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Time to gift?

Time to gift?

Considering how to gift is vital when thinking about your long-term wealth strategy. As well as helping others, it can be a practical way to reduce the size of your estate: the key factor for inheritance tax calculations, which is becoming a greater reality for many as home values and inflation rises. As a starting point, although it is good to gift, there are some tax considerations to be aware of. We break down the basics in our easy-to-follow guide.

Inheritance tax: not just a death tax

It is a common misconception that inheritance tax (IHT) is a death tax. It is true that when an individual passes away , they are treated as making a chargeable transfer equal to the value of their assets at the date of death; however, there is a major exception: if you make a lifetime gift, the value of that gift may also be subjected to inheritance tax.
Did you know: the most common chargeable transfer is a gift to a trust? Trusts are useful for protecting wealth and managing your IHT exposure, but they can result in an immediate lifetime IHT charge, so it is worthwhile speaking with a professional to help you understand the bigger picture.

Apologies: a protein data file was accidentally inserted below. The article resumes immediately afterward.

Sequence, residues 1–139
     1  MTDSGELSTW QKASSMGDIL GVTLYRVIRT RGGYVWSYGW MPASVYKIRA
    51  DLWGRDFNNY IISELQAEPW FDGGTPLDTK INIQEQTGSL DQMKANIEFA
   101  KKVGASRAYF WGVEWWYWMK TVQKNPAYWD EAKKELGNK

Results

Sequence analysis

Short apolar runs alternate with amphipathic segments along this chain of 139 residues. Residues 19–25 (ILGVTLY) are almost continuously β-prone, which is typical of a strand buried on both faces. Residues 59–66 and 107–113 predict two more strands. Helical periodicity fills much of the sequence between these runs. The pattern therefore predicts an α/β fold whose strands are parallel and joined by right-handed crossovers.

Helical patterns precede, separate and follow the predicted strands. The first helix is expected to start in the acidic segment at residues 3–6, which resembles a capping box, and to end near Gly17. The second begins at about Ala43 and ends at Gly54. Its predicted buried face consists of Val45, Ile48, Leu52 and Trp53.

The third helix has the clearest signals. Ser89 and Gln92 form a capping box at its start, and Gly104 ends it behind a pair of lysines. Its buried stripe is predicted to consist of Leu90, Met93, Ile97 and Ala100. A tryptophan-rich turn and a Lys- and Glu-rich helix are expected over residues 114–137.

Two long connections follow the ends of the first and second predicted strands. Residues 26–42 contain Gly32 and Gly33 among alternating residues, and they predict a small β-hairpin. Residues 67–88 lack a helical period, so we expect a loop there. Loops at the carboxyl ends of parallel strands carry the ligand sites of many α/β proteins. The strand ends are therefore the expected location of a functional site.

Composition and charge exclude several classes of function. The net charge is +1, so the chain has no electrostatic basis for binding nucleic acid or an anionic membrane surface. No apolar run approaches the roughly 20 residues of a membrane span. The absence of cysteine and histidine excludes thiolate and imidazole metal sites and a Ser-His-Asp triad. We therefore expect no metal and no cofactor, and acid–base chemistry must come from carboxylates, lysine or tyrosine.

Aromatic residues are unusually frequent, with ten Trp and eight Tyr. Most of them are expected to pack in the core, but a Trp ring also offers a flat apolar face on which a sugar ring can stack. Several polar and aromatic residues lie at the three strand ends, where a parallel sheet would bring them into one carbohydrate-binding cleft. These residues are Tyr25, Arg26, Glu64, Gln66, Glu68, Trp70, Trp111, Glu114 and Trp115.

Exempt transfers

The good news is that some gifts can be exempt from IHT:
• You can give away £3,000 each tax year (the annual exemption) and, you can also use any unused allowance from the previous year.
• You can gift up to £250 to any one person in a tax year, as long as you have not used another allowance on the same person
• You can also make a tax-free gift to someone who is getting married or entering a civil partnership. This can be up to:
o £5,000 to your child
o £2,500 to your grandchild or great-grandchild
o £1,000 to any other person
• Gifts out of income – A lifetime gift is exempt from IHT if you as the donor can satisfy HMRC that it constitutes “normal expenditure out of income”. “Normal” in this case means habitual or typical – e.g. a gift that happens every year.
“Out of income” means you as the donor are left with sufficient income after expenses for the year to maintain your normal standard of living.
For example, this exemption would apply if you pay for the life assurance premiums or personal pension premiums of another person, or make regular small gifts of cash as Christmas or birthday presents.